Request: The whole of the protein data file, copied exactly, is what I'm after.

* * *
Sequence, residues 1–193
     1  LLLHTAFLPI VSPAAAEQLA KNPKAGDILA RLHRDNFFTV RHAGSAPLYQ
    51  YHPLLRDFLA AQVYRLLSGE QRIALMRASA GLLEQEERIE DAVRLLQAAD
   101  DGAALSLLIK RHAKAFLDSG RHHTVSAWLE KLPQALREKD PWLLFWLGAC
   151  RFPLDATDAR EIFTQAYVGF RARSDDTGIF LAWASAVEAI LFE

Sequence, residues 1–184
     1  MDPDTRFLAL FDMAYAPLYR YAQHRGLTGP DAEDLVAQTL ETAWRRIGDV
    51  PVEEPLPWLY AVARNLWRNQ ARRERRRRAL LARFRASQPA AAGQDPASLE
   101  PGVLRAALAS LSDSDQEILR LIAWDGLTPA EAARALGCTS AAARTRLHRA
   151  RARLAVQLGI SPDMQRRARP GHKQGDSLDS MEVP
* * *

Sequence, residues 1–193
     1  LLLHTAFLPI VSPAAAEQLA KNPKAGDILA RLHRDNFFTV RHAGSAPLYQ
    51  YHPLLRDFLA AQVYRLLSGE QRIALMRASA GLLEQEERIE DAVRLLQAAD
   101  DGAALSLLIK RHAKAFLDSG RHHTVSAWLE KLPQALREKD PWLLFWLGAC
   151  RFPLDATDAR EIFTQAYVGF RARSDDTGIF LAWASAVEAI LFE

Sequence, residues 1–184
     1  MDPDTRFLAL FDMAYAPLYR YAQHRGLTGP DAEDLVAQTL ETAWRRIGDV
    51  PVEEPLPWLY AVARNLWRNQ ARRERRRRAL LARFRASQPA AAGQDPASLE
   101  PGVLRAALAS LSDSDQEILR LIAWDGLTPA EAARALGCTS AAARTRLHRA
   151  RARLAVQLGI SPDMQRRARP GHKQGDSLDS MEVP